11. Boys swimming in the upper lake at Camp Zinn Boy Scout Camp.

12. Three boys watching a boat go over the dam at the upper lake at Camp Zinn Boy Scout Camp.

Is there someone in the boat? Was William Dixon Ivey involved, and in a good position to take a photo? Or was he not involved and just happened to be in the right place at the right time? Did people get into trouble for this? So many questions…

13. Two boys watching water flowing over the dam at the upper lake, Camp Zinn Boy Scout Camp.

Is the boat down there? I don’t see it, but that doesn’t mean that it’s not there.

14. Cabin at Camp Zinn Boy Scout Camp.

15. Boys playing in the lake at Camp Zinn Boy Scout Camp.

16. Photo missing.

1937 Boy Scout Jamboree, Washington D.C.

The rest of the photos on this page, and on some subsequent pages of the scrapbook are from the 1937 Boy Scout Jamboree in Washington D.C.

Because William didn’t put any notes in the scrapbook, I googled “Boy Scout event Washington D.C. 1930s”, and this landmark event was the only possibility.

This was the first-ever Boy Scout Jamboree. It was originally planned for 1935, but was postponed for two years due to a polio epidemic. I can imagine that it was really exciting for all the boys involved, about 25,000 nationwide, to get to go to this event.

Read more about the Jamboree here: https://en.wikipedia.org/wiki/National_Scout_jamboree_(Boy_Scouts_of_America)

1937 Boy Scout Jamboree Poster
This poster was not in William’s scrapbook. There are many copies of it available online, so I borrowed it from a copyright-free library. Artist was Norman Rockwell.
17. William Dixon Ivey’s Boy Scout troop prepared to leave the Anniston AL train station for their trip to the 1937 Boy Scout Jamboree. I don’t recognize William among the visible boys.

18. Orie Harvell Ivey with younger sons Andrew and Sidney, on the train platform to wave goodbye to William as he leaves for the 1937 Boy Scout Jamboree.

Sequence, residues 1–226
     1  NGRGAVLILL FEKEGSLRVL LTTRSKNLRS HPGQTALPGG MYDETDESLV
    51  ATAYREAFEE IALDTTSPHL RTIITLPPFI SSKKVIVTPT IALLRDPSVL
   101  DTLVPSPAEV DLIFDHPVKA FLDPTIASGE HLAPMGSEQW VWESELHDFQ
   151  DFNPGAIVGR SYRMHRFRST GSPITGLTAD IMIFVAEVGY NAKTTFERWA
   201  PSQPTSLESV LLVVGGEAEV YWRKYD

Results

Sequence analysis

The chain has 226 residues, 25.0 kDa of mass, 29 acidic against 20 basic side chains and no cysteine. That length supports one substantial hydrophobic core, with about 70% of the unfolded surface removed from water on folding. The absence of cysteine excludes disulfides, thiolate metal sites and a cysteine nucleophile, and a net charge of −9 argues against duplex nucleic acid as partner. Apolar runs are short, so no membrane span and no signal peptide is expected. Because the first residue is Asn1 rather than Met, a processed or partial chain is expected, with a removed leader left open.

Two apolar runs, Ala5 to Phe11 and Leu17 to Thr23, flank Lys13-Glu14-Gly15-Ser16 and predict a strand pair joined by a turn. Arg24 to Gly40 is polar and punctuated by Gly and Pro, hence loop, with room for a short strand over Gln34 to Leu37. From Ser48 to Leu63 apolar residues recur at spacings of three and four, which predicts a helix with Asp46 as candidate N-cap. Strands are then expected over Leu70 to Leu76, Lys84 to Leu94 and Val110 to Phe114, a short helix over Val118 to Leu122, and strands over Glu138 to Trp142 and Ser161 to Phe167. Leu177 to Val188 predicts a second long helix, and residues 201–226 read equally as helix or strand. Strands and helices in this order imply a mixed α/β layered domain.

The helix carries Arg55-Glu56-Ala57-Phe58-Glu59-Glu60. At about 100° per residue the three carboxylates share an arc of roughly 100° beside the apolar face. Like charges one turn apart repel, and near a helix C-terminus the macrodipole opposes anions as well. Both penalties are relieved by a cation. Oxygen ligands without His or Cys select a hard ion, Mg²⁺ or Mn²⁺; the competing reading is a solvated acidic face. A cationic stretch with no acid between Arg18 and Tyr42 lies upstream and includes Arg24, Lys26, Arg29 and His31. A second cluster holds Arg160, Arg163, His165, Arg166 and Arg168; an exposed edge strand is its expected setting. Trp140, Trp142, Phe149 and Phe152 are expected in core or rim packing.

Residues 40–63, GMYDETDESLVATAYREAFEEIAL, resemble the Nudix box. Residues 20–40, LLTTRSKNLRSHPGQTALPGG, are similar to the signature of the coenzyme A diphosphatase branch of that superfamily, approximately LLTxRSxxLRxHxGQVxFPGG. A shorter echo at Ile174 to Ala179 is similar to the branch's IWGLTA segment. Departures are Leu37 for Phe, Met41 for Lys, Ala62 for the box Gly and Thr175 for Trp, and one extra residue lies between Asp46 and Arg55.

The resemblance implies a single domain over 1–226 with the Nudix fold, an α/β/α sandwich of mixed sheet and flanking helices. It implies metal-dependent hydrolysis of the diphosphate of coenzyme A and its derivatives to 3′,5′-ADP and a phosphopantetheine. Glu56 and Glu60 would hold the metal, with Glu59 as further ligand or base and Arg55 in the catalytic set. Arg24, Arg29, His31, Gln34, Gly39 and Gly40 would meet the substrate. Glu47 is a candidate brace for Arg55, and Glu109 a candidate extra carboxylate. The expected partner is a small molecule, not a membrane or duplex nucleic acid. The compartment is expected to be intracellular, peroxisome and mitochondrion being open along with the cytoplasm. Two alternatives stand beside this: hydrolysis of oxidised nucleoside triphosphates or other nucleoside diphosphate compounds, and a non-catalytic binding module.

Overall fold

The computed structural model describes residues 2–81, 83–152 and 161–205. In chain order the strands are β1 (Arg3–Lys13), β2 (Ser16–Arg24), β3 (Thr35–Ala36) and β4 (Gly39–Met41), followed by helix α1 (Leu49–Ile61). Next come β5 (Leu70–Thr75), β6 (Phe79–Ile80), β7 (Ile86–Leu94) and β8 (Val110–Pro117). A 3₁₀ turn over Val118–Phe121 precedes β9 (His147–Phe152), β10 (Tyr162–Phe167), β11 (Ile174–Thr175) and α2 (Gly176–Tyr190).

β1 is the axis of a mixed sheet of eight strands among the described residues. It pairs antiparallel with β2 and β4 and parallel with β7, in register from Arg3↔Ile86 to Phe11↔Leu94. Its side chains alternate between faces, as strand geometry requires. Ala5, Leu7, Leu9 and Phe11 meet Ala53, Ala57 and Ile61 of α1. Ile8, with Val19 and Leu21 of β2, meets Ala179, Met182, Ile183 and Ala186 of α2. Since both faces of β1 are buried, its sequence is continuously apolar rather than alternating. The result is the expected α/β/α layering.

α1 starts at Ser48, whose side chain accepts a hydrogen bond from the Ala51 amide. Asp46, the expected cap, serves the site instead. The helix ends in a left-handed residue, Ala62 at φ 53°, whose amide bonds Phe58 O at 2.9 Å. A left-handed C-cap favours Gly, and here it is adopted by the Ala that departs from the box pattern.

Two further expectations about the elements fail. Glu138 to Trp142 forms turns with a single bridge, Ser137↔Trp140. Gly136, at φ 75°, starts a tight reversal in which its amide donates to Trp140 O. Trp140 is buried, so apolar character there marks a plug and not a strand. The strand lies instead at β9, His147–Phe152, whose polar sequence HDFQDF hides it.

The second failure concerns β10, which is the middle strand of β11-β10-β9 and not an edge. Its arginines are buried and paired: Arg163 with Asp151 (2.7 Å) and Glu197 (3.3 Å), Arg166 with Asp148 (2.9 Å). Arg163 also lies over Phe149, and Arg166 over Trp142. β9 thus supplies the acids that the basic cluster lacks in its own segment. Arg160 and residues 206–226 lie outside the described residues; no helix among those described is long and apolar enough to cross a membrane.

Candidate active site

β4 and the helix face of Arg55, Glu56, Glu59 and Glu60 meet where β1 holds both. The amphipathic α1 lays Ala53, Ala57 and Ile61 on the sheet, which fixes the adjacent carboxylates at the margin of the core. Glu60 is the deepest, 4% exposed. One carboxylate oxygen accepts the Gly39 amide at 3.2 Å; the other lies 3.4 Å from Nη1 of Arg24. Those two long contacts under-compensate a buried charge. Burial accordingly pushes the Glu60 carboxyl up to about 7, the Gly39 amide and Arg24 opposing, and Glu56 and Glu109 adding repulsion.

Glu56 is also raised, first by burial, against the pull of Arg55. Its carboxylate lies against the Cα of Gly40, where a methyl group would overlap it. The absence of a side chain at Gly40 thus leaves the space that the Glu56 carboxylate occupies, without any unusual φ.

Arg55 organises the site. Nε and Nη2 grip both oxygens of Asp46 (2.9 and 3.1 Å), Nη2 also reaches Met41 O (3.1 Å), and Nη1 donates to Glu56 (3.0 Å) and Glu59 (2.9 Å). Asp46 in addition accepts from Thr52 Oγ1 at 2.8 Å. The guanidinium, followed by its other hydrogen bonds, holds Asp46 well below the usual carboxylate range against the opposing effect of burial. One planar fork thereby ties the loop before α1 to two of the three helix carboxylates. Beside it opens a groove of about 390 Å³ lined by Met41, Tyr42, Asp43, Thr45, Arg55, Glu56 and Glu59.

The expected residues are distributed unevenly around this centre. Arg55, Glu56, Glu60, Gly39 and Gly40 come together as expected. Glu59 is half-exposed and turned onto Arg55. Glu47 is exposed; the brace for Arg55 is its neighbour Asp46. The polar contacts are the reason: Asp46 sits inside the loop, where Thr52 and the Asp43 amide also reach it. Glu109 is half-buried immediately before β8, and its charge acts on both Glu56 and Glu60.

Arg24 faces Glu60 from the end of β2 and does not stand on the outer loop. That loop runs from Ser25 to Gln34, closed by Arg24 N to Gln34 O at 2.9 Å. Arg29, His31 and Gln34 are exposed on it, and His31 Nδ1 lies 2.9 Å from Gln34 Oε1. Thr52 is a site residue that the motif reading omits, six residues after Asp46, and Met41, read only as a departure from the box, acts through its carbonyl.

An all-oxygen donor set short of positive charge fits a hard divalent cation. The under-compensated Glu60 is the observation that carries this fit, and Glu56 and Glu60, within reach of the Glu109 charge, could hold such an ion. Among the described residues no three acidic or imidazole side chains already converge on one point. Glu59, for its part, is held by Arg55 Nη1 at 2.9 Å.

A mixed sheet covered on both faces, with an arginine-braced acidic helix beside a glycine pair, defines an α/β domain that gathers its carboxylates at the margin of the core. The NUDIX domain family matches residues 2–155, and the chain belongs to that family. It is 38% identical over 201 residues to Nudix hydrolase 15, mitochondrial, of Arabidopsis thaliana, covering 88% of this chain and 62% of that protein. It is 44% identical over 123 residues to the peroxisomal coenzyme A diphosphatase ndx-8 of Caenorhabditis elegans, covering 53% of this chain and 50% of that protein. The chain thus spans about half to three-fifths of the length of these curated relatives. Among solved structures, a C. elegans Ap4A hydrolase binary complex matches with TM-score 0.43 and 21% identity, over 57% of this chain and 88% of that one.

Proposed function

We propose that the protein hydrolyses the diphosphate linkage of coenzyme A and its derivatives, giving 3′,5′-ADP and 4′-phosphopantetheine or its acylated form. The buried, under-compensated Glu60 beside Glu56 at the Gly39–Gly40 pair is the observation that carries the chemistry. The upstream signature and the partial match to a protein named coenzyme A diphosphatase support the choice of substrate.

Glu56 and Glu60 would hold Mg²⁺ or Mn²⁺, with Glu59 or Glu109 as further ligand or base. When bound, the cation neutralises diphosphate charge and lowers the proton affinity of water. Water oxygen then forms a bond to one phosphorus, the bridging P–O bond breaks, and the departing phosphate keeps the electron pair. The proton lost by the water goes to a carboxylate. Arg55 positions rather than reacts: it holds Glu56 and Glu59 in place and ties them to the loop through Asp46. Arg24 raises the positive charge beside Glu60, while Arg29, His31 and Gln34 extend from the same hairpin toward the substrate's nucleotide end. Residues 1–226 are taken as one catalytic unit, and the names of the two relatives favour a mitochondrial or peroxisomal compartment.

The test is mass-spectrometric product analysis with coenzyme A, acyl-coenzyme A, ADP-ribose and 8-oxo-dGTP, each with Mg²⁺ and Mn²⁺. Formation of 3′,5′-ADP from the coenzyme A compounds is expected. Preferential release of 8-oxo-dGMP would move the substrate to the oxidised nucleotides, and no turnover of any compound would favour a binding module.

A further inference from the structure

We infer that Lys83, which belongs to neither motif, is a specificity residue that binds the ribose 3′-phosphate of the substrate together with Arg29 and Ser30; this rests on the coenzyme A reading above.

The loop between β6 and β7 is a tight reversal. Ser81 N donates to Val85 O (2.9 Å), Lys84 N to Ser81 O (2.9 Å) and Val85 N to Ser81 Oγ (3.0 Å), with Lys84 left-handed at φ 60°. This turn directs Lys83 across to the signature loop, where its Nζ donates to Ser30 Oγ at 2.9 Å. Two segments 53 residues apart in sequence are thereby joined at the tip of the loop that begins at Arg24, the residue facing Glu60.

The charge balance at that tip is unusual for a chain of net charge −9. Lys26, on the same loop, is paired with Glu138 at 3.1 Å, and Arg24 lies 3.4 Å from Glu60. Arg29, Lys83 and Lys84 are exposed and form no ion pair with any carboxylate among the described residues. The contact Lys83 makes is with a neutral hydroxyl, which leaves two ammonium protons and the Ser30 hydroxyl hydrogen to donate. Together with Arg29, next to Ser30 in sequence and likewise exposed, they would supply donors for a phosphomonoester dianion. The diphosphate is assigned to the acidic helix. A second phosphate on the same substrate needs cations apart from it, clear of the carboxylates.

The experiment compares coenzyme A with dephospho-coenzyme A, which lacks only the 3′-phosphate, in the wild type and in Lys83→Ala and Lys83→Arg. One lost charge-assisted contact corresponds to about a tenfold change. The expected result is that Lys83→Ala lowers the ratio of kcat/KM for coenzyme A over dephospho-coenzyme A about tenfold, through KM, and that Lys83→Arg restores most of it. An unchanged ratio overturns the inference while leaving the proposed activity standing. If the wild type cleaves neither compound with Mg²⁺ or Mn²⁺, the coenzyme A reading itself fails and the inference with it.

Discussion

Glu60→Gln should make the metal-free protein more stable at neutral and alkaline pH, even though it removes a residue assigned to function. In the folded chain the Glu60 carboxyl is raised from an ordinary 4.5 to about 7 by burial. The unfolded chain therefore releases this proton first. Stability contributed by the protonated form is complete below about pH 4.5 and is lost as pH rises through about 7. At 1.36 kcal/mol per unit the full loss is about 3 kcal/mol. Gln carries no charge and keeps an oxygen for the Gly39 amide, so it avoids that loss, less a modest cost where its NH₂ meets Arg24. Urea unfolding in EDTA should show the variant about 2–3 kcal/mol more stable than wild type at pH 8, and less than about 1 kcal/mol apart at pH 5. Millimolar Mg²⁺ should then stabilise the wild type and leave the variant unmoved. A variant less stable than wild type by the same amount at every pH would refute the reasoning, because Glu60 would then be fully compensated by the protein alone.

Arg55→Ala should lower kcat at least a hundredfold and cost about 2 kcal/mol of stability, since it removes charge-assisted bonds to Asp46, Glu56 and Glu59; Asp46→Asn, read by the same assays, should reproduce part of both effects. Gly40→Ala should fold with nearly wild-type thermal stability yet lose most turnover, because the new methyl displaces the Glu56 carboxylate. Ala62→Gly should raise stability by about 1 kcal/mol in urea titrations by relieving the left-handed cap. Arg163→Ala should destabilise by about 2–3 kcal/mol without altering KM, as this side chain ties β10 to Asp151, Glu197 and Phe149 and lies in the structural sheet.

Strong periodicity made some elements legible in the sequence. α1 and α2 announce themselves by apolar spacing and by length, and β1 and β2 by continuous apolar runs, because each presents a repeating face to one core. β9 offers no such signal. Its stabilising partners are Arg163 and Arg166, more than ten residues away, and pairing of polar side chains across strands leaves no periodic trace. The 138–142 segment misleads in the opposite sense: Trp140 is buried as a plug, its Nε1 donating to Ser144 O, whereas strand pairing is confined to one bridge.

19. Parents and families on the train platform waving goodbye as the train pulls out. Orie is far left on the platform.

20. Washington D.C. It took some research to find out that this man is Chief Scout Executive James E. West, one of the seven Boy Scouts USA leaders responsible for planning the 1937 Boy Scout Jamboree.

Here is a link with photos of all seven planners: https://commons.wikimedia.org/wiki/File:BSA_leadership_at_the_1937_Scout_Jamboree-E._Urner_Goodman,_Walter_Head,_James_E._West.jpg

21. James E. West and National Personnel Director Harold Pote, Boy Scouts USA leaders.

22. A Boy Scout leader, not one of the seven at the head.

23. Boy Scouts lasso demonstration.

24. Boy Scouts walking across the Mall down from the Capitol Building, Washington, D.C.

25. Structure built by the Boy Scouts. They were selling tickets to it (or to an event there) for $1.50, which seems like a lot for those times. Note the Washington Monument in the background.

26. Fireworks. Probably the evening of July 4, 1937.

27. Boy Scout tents pitched in front of the Washington Monument.

28. Is this the mess tent, where William’s troop ate their meals?

29. Boy Scout leaders. The ones with the round patches on their right chest are national leaders.

30. Two of the Boy Scouts USA leaders. Center is Harold Pote.

31. Harold Pote.

32. Scouts from Comanche Trail Council from Texas at the 1937 Boy Scout Jamboree.

This Boy Scout council had an American Indian display at the event. The Comanche Trail Council was formed in 1932 from the west Texas counties of Stephens, Eastland, Erath, Comanche, Brown, Mills, San Saba, and Lampasas.

That’s all for today. Let me know what you think in the comments below. Thank you for reading!

Next Ivey Family post – more pictures of the 1937 Boy Scout Jamboree!